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Village Academy

This is a menu of the topics on this page (click on any): Project summary, name and give a brief description.    How this project has affected the lives of children and youth    The partnerships and collaborations involved    Haitian    qualitative and quantitative outcomes of this project    Name the primary contact(s) for the project   .

Project summary, name and give a brief description.

"Village Academy" is a deregulated public school, owned and operated by Palm Beach County School Board, built to address the specific needs of at-risk elementary students and families living within the low-income neighborhoods of Delray Beach. The school incorporates the Beacon Concept Model developed in New York that provides for a guaranteed 15 to 1 student teacher ratio, with extended school days from 7:30a.m. to 7:00p.m., one half day on Saturdays and an expanded school year inclusive of the first 8 weeks of summer. It operates within a governance structure that includes a full partnership between the school district and the community that it serves. The "Village Center" provides support services on campus designed and coordinated by MAD DADS, Inc. of Greater Delray Beach. The center component provides parent support, capacity and community building, and youth development activities directed at resolving issues that negatively impact a supportive learning culture.

How this project has affected the lives of children and youth

A community planning process, coordinated by MAD DADS in 1998, focused on the alarming statistics documented under a report from a County-wide committee called "Weathering the Storm." The report documented the poor academic achievement of minority youth and the harsh disparity between minority and non-minority students in Palm Beach County. Residents acknowledged the steady decline of the academic performance of minority youth from this community, attributing the problem to the closing of community-based schools, commenced with bussing for desegregation purposes. Students in Delray Beach are bussed to 13 different schools. The problems are compounded by a perceived lack of parent involvement in their children's education. Principals and teachers have acknowledged that minority students coming from Delray Beach arrive without basic skills in core classes, and cannot perform at grade level.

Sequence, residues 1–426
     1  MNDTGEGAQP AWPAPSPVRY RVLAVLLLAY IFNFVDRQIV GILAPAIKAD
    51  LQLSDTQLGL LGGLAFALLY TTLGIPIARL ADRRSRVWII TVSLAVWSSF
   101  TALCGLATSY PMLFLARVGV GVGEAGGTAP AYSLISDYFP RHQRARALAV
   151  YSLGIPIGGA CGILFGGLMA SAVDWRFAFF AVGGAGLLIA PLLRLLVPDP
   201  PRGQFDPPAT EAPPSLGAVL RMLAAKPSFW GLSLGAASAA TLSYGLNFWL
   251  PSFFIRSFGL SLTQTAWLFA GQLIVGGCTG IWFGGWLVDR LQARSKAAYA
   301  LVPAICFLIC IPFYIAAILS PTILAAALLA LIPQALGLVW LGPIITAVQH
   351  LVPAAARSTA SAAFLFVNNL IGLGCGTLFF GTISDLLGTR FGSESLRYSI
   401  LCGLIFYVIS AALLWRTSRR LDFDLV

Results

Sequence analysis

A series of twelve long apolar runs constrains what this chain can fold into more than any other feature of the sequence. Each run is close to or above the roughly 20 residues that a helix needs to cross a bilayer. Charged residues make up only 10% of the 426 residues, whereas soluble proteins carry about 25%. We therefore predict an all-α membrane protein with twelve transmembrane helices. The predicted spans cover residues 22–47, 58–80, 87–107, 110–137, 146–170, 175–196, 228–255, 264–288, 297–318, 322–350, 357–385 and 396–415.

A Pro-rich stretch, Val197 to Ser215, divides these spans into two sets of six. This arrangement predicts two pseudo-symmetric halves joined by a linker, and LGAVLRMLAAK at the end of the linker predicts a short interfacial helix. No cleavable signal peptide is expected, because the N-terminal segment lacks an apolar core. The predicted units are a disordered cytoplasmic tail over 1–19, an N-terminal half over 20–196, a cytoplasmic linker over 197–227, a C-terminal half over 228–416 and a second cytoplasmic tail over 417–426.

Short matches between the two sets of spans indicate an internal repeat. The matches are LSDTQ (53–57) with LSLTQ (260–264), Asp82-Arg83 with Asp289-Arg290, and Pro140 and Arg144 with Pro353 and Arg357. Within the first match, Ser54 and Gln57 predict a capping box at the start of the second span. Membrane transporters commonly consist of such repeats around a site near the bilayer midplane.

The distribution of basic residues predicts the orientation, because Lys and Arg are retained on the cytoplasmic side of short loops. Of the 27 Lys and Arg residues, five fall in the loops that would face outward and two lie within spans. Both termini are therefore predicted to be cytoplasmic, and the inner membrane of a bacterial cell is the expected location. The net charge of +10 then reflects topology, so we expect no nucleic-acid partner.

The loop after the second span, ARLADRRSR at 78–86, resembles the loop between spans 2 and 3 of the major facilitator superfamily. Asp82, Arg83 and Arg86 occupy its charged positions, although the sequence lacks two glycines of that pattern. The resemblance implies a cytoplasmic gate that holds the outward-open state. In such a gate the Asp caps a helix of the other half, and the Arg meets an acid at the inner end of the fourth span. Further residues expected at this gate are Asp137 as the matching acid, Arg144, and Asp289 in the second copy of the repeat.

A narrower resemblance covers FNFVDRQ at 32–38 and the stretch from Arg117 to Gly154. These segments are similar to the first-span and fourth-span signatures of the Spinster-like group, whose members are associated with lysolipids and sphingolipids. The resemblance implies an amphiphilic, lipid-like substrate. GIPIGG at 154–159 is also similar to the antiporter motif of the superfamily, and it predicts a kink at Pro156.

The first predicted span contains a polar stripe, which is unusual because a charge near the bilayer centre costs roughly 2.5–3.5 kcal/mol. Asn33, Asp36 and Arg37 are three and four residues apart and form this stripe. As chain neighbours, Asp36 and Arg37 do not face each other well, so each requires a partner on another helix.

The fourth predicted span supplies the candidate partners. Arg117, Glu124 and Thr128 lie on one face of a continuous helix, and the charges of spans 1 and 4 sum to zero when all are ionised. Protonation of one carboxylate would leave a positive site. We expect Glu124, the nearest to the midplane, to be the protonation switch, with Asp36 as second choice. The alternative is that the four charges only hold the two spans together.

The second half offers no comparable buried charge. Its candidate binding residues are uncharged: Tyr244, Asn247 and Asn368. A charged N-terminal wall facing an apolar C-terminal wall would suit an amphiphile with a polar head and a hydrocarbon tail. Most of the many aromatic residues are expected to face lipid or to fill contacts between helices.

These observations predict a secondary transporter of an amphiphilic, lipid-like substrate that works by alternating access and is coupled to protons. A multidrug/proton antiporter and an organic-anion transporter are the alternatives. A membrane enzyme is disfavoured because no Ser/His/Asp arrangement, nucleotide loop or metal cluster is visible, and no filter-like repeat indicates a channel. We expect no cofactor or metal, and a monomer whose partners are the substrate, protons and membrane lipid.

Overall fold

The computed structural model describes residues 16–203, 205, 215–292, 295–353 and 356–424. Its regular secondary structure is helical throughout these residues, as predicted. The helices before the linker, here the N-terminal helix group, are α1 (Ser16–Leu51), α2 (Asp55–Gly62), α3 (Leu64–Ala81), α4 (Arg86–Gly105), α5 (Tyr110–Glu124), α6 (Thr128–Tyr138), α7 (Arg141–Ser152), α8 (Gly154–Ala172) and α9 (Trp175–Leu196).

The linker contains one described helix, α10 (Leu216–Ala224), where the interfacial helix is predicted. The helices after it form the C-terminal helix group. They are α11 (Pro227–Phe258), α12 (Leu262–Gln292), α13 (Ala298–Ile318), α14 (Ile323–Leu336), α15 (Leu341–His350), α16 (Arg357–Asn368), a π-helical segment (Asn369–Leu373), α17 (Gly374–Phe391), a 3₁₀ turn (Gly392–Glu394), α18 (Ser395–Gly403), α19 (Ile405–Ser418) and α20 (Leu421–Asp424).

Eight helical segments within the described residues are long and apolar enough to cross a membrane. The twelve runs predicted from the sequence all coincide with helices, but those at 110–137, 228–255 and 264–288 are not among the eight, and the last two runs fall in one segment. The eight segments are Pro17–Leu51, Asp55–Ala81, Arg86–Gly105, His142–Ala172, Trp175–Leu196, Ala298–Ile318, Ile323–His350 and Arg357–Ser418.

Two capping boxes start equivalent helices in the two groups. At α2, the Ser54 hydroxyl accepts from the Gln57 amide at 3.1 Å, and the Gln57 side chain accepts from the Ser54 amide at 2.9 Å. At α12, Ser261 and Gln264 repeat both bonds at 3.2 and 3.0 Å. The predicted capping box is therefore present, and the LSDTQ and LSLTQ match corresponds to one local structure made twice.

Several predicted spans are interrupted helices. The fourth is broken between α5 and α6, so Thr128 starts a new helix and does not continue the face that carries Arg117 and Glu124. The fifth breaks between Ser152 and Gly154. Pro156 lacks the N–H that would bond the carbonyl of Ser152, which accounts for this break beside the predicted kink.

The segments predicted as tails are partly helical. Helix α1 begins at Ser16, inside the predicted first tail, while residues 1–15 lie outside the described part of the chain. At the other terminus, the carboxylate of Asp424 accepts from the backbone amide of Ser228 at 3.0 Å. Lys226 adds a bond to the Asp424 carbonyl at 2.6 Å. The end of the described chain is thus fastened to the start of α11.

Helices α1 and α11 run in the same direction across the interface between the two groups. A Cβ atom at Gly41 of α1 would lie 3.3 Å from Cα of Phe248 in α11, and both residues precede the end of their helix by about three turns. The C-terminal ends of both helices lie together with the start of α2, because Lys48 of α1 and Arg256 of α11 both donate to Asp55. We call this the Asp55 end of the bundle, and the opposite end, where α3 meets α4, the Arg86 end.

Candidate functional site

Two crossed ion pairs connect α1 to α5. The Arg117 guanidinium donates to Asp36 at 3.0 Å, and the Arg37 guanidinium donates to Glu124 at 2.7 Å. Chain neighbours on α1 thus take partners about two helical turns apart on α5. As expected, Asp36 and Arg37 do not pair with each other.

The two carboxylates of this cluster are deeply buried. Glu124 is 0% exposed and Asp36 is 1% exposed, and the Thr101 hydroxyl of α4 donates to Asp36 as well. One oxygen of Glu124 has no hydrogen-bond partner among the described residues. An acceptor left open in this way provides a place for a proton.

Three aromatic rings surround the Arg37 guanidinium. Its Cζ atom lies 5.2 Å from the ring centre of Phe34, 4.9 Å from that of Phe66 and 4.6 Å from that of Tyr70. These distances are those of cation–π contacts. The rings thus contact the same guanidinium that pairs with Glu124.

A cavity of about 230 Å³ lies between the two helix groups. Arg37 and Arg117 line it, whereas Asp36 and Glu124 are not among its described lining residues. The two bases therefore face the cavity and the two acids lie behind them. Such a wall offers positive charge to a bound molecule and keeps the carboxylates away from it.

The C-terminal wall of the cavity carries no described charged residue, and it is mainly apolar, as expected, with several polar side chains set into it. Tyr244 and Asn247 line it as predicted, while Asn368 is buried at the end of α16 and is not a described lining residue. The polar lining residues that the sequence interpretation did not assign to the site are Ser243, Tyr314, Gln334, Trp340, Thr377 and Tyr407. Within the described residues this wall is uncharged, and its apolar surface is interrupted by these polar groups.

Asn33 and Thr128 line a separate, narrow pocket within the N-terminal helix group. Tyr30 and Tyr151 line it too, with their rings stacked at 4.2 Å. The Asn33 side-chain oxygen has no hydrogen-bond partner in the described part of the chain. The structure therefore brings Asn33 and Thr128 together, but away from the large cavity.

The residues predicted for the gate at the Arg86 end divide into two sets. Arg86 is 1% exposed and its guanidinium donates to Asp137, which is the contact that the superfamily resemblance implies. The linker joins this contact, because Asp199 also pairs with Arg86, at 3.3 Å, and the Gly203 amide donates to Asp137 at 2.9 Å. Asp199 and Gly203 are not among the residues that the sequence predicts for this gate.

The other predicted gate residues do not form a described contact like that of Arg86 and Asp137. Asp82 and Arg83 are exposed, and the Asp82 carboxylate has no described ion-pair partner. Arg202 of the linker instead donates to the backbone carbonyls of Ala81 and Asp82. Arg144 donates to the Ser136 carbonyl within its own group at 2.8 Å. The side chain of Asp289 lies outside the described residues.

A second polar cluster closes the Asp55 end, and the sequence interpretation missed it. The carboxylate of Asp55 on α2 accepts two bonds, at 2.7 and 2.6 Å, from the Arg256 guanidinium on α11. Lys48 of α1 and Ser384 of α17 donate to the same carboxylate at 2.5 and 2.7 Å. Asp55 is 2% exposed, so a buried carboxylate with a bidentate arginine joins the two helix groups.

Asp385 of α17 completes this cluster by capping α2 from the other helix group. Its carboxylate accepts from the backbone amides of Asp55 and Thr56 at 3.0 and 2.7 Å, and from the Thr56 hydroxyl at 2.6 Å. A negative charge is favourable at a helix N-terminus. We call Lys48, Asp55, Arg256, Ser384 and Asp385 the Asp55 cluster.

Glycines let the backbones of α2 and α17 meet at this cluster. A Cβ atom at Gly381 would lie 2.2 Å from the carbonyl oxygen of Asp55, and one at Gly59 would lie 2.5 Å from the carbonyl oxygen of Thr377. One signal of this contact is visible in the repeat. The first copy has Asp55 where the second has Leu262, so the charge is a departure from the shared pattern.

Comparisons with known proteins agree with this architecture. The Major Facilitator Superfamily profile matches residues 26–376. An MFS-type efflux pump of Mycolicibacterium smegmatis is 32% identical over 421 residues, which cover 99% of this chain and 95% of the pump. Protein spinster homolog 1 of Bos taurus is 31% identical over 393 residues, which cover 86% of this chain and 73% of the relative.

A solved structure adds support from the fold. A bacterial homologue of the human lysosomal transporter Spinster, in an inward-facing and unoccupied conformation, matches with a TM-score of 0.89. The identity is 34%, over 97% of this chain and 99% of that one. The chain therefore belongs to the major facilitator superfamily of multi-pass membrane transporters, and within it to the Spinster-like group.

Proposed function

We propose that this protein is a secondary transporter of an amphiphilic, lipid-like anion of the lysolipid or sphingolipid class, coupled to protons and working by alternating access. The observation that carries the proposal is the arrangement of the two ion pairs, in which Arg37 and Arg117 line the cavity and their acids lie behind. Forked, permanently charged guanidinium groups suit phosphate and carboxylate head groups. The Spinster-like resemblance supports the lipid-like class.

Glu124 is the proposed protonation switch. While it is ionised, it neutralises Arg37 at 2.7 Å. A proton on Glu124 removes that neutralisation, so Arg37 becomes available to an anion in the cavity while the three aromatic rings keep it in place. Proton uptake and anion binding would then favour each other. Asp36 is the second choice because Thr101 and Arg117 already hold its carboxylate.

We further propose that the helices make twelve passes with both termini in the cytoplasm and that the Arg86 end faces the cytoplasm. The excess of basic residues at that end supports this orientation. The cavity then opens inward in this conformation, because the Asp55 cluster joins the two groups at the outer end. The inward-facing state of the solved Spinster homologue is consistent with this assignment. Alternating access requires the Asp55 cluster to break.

The planning process brought together residents, community leaders, community-based organizations and service providers over a nine-month period addressing a myriad of issues associated with this disenfranchised community. The collective voice emphatically targeted the establishment of a community school as their top priority. This process created a momentum that has pushed residents and parents to assume a proactive role in raising the academic performances of their children.

The result is the first new public school built within a predominantly African-American neighborhood in over 25 years. The "Village Academy/Center" opened in August 2000 with the first 240, Kindergarten - 2nd grade students. The school was built with a capacity to house 500 students in grades K-5, with a plan to add grades 3-5 over a three-year period. Palm Beach County funds the standard operating costs. The community, MAD DADS and their philanthropic partners are responsible for $1.2 million dollars annually in support of the adopted standards and center programs. Funding for the center and its standards is committed through 2004.

The partnerships and collaborations involved

The grass roots neighborhood planning process was assisted by Partnership for Neighborhood Initiatives (PNI), postulated on "Breaking the Cycle of Poverty for Children: A Twenty Year Vision." The MacArthur Foundation, Topsfield Foundation, United Way of Palm Beach County, Quantum Foundation, City of Delray Beach and private philanthropist, Art Kobacker, provided critical resources and technical assistance to ensure the effectiveness of this community initiative. The plan focused on the inner-city minority community that is 90 percent African-American and Hispanic and 10 percent Haitian, representing 8,000 persons or 70 percent of the minority population living in Delray Beach. More than 120 residents living in the targeted area participated in the nine-month long planning process.